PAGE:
Science Fiction & Fantasy

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Feature Interviews

Nonfiction

Interview: Alastair Reynolds

[Blue Remembered Earth] is a big departure for me. It’s my attempt to get back to something a little bit closer to the present in terms of the way I think about science fiction. So it’s a novel which looks at where we might be in a hundred and fifty years in terms of going out into the solar system, going back to the moon and Mars, but also looking at the Earth, the kind of trends that we might expect to see over the next century and a half on our own planet—things like artificial intelligence, genetic engineering, and ubiquitous surveillance technology.

Nonfiction

Interview: Ursula K. Le Guin

I do try to separate my personal activism—showing up at a demonstration or something—from what I write. I don’t write tracts, I write novels. I’m not a preacher, I’m a fiction writer. I get a lot of moral guidance from reading novels, so I guess I expect my novels to offer some moral guidance, but they’re not blueprints for action, ever.

Nonfiction

Interview: David Brin

If ETs want to contact new tech races, they’re not likely to waste time and resources on gigantic beacons. They’ll know the thousand—or ten thousand, or fifty thousand—life worlds around them that have oxygen atmospheres. But the odds that any one of those has a shiny new civilization will be very small, at any one time. So they’ll just send a ping to each of them, once every hundred years—or maybe once a year—saying, “Is there anybody there yet?” Because that’s cheap to do.

Nonfiction

Interview: John Scalzi

We have some of the best writers in science fiction and fantasy today that we’ve ever had in the genre. That said, one of the things is that when you have people who are really engaged on the literary side of writing, as many of our current really excellent writers are, there is a question of how approachable it is to someone who is just coming fresh into the field.

Nonfiction

Interview: Seanan McGuire/Mira Grant

In order to come up with the Kellis-Amberlee virus, I read enough books on viruses to qualify for some kind of horrible extra credit program, audited a bunch of courses at UC Berkeley and at the California Academy of Sciences, and then started phoning the CDC persistently and asking them horrible questions.

Nonfiction

Interview: Kim Stanley Robinson

The two things I postulated that I think make [my new novel] workable as a realistic kind of fantasia are space elevators on Earth and self-replicating machinery, and these are two supposedly possible engineering feats that are discussed in the literature, so they’re not physically impossible. They might be hard engineering feats, but it seems like they could be done, and there are even companies working on at least the space elevator.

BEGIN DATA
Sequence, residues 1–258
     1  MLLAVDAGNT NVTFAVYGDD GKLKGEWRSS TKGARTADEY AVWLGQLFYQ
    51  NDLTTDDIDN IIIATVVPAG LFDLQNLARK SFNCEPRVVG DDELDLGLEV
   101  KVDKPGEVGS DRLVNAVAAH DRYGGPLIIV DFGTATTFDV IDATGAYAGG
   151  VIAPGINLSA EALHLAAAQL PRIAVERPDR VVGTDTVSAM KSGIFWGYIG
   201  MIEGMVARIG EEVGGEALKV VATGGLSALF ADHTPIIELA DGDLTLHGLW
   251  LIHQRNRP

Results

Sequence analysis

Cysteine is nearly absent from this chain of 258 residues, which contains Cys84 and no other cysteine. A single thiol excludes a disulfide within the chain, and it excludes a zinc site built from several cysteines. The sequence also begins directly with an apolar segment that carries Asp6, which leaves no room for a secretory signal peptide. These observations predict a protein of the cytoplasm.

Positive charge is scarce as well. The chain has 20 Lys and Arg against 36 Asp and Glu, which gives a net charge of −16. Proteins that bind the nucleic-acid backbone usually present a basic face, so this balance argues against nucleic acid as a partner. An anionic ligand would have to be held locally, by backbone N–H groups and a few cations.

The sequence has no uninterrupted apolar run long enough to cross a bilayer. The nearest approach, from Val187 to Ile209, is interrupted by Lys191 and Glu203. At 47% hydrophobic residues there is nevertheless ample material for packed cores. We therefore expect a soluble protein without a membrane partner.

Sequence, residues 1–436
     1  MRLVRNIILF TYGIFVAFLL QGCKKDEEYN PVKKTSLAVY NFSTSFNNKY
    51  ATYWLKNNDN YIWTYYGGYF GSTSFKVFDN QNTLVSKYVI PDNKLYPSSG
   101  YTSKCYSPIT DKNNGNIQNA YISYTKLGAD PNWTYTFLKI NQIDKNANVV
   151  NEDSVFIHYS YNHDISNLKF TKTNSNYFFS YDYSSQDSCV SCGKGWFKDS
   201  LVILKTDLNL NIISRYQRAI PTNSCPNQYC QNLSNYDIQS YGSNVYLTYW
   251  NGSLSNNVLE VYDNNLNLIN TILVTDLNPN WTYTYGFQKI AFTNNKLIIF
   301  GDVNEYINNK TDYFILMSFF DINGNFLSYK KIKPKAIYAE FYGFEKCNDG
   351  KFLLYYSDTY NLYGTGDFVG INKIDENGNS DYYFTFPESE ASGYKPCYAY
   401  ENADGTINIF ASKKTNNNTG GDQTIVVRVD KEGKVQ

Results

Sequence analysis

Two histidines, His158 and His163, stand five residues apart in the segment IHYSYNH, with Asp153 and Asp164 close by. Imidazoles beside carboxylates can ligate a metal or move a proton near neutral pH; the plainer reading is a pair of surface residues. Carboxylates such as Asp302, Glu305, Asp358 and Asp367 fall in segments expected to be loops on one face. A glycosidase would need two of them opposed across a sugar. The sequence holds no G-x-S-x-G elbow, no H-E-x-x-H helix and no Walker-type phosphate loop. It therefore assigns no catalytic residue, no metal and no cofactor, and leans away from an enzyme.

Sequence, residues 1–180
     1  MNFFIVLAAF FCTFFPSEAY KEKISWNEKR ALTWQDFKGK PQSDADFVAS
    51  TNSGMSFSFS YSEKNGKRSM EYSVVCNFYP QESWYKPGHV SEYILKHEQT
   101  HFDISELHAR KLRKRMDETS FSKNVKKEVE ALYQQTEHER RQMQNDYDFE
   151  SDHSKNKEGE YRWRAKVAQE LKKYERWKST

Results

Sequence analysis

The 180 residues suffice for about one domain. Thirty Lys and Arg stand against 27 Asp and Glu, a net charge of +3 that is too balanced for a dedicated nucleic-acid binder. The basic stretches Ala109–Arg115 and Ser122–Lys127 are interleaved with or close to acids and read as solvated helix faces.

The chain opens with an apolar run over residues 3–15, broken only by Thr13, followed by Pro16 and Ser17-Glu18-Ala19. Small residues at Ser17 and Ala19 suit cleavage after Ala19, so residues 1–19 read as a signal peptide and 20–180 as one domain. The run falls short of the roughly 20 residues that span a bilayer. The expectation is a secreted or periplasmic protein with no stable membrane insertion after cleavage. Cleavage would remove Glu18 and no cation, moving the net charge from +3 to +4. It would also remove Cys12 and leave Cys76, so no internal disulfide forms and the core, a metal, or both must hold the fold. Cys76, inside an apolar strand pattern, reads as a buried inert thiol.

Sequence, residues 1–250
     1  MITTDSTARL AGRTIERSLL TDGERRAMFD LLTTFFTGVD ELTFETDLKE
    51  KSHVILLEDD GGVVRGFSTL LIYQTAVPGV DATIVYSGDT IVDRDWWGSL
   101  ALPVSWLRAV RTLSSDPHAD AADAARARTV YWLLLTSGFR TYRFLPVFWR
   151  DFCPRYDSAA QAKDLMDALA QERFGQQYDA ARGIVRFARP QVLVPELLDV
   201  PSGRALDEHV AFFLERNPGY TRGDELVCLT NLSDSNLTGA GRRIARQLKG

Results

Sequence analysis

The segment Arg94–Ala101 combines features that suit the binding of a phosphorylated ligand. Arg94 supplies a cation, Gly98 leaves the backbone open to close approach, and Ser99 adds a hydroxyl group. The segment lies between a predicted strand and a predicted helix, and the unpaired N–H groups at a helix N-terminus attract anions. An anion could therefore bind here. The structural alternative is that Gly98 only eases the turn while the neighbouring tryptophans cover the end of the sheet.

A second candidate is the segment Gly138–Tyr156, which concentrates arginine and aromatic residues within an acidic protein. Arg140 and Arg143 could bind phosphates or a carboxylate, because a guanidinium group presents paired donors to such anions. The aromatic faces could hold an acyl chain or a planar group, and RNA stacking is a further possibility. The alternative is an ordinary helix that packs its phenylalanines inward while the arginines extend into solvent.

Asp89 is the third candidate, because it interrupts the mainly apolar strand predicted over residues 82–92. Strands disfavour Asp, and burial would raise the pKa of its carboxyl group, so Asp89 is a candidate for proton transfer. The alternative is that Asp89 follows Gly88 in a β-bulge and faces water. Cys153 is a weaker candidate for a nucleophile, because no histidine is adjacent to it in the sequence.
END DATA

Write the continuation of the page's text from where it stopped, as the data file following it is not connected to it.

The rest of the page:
Nonfiction

Interview: Garth Nix

The idea of Mister Fitz, who’s a puppet who is also a sorcerer, I’m sure comes from the fact that my mother made papier-mâché puppets when I was a child, and in particular one year she made puppets of all the Moomintroll characters, and put on a show of Moominland Midwinter for me for my birthday party.

Nonfiction

Interview: Brian Greene

Because there isn’t just one flavor of parallel universe—there’s a version that comes out of quantum mechanics, there’s a version that comes out of cosmology, a version that comes out of string theory, and so forth. But one thing that they do share is it’s pretty tough, if not impossible, to go from one universe to another in any of these versions—in any conventional notion of what it would mean to travel from one universe to another.

Nonfiction

Interview: Anne Rice

There [has] to be a seductive side to the power, of feeling yourself gain strength, and your muscles get stronger and your limbs get longer and your whole body becomes invulnerable with a soft wonderful coat of hair. And you get fangs and you get claws and you are able to really destroy your enemies without much thought. And I thought, “That’s got to be seductive. That’s got to be great.”

Nonfiction

Interview: Morgan Spurlock

Comic books succeed—and have succeeded for decades—because of fans, because of people who love them. Big, giant Hollywood genre movies succeed because of fans. Video games have become more popular over the years because of fans. So for me this is a film that was very much rooted in those people—in their passions, in their desire, their obsessions.